by Steve Liddick

All I ever wanted in a dog was a big, goofy animal that sat when you told him to sit, and didn’t chase chickens. Truthfully, we didn’t want a dog at all. A house with three cats sharing space with two aging humans is already near capacity.

It started one night. You know how when it’s dark outside and you think you see something dark running across your back yard? Black on black. Kind like of Mafia hitman’s shirt and tie. Well, we didn’t know it at the time, but that was our introduction to a little Jack Russell terrier.

We didn’t see him in daylight until the next day, which was a Sunday. He had apparently escaped from somewhere. He had been running around for awhile and possibly mistreated in that time. He finally came to my wife. She brought him into the house, put him in her bathroom to separate him from the kitty herd. It was late in the day, too late to take him to the county animal shelter.

He turned out to be really friendly. He climbed up on my lap, cuddled under my arm, looked up at me with big, brown, wet, pleading eyes, and by Monday morning there was no way he was going to the animal shelter.

We took him to the vet to see if there was any ID embedded in him. There was not. What he did have was a fractured jaw, some bruises, and cooties. We figured he had gotten into a disagreement with a garbage truck or maybe got kicked by one of the equines we had at the time. We accommodated the fractured jaw by feeding him soft food. We couldn’t tell if he’d had his shots, so we brought those up to date. We had an ID chip installed and named him “Chip.” We also had him—ah—neutralized, so to speak.

To make a long story even longer, hundreds of dollars later we had repaired and taken ownership of a Jack Russell terrier with more energy than is generated by Hoover Dam. Just imagine a team of Jack Russells hitched up to a sled. They’d be a shoo-in to win Alaska’s Iditarod.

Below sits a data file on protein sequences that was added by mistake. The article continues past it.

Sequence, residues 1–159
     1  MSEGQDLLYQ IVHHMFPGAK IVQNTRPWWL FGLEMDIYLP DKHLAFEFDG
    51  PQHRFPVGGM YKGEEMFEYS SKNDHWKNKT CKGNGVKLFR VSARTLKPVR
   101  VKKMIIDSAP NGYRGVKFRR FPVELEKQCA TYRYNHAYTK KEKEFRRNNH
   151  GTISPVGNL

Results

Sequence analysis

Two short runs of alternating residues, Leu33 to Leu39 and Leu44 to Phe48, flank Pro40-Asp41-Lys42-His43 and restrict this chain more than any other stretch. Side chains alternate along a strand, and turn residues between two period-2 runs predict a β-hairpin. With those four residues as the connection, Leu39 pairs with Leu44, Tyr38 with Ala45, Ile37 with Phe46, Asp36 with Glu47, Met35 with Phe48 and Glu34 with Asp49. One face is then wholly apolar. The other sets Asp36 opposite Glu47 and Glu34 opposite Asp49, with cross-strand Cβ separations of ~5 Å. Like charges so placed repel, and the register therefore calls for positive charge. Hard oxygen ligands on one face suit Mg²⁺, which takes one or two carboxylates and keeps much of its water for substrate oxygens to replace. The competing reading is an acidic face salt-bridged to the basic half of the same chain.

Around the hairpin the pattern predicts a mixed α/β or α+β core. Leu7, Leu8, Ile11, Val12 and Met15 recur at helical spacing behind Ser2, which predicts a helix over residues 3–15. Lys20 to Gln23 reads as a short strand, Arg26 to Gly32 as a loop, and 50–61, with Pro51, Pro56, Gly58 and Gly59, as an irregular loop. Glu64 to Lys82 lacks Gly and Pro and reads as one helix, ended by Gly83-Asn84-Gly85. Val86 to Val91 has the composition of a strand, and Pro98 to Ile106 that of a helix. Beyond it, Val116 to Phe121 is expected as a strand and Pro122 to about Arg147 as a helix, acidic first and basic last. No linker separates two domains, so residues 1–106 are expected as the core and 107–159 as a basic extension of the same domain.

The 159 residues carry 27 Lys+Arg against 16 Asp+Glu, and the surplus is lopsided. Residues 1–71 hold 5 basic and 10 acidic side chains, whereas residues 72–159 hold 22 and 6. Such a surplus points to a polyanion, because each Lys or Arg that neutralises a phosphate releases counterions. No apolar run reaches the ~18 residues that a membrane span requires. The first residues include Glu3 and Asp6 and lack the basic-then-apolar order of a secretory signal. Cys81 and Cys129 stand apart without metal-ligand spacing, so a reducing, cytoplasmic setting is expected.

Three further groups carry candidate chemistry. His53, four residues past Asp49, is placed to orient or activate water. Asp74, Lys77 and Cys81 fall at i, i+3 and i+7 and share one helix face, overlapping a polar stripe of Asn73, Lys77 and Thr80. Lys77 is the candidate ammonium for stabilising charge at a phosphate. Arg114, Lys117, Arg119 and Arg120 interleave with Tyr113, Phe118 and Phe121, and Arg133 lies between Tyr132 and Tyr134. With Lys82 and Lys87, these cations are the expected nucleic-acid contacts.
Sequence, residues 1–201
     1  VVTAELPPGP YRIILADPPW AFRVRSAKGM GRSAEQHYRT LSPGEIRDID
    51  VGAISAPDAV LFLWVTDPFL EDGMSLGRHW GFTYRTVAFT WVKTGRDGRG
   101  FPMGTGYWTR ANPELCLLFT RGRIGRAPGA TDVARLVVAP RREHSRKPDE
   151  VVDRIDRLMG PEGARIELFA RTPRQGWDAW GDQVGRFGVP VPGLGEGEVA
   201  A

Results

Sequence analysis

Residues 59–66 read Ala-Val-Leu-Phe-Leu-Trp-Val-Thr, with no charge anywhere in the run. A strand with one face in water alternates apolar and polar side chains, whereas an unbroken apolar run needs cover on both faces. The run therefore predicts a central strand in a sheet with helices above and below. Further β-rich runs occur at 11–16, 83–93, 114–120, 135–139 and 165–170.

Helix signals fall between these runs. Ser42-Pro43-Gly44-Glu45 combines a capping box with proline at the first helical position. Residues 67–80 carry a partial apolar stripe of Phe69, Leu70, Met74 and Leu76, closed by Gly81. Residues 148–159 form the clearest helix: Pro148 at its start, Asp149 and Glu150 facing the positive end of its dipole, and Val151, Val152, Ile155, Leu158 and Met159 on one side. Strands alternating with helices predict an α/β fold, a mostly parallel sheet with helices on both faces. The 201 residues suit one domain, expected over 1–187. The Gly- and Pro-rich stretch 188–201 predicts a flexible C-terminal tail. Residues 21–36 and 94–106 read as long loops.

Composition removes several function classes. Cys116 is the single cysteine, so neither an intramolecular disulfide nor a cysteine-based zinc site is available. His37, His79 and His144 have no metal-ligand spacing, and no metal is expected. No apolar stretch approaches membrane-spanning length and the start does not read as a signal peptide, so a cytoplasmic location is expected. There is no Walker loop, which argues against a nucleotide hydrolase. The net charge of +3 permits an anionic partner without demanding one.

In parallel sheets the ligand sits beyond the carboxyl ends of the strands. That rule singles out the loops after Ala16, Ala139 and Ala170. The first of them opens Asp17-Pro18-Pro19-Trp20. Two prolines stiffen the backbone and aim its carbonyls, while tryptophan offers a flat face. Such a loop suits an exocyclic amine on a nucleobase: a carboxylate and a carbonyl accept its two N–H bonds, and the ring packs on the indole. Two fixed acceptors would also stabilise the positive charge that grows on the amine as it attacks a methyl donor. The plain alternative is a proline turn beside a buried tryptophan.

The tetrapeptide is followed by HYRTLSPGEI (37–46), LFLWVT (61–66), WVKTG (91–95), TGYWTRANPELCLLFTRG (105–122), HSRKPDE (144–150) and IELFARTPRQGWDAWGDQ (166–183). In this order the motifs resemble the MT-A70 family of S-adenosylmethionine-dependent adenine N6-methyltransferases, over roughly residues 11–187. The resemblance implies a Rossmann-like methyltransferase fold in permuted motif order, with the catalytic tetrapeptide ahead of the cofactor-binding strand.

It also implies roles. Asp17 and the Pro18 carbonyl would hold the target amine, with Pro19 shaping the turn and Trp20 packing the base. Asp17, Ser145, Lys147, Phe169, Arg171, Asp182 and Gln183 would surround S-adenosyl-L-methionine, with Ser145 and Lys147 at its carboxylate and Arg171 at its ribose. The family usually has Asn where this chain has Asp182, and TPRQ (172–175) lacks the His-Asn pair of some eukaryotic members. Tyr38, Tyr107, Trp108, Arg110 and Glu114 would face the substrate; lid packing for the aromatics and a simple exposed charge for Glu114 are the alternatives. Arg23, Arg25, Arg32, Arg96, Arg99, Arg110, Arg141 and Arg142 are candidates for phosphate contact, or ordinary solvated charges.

Chip occasionally gets super excited and races back and forth from one end of the house to the other. We call it “turboing” and we step aside for fear of getting bowled over by a 15-pound dynamo traveling at high speed.

Life in our household was changing dramatically.

Cats, as you may know, are relatively self-sustaining. They tend to go their own way pretty much, requiring only food, water, and an occasional lap. Otherwise we lived in peaceful harmony, making few demands of each other.

A dog is different. A Jack Russell dog is really different. He requires at least two walks a day because we can’t let him out on his own or he would be in the same dangerous situation we rescued him from.

Chip the Wonder Dawg, as I have taken to calling him, wrestles with Willow, the cat, who is the same size and weight as Chip. As far as we can tell, each is happy with the arrangement, neither fears the other, and nobody has gotten hurt.

The moral of this story is that a Jack Russell terrier is not a dog for older people. But the only way you will get him away from me is if you pry him from my cold, dead fingers.


Books by Steve Liddick: https://www.amazon.com/s/ref=nb_sb_noss_2?url=search-alias%3Daps&field-keywords=steve+liddick

Steve LiddickAuthor of “All That Time,” “Old Heroes,” “Prime Time Crime,” “Sky Warriors,” “But First This Message: A Quirky Journey in Broadcasting,” “A Family Restaurant is No Place for Children,” “Campsite Gourmet: Fine Dining on the Trail and on the Road,” and “Eat Cheap: A Cookbook and Guide To Stretching Your Food Budget Dollars.”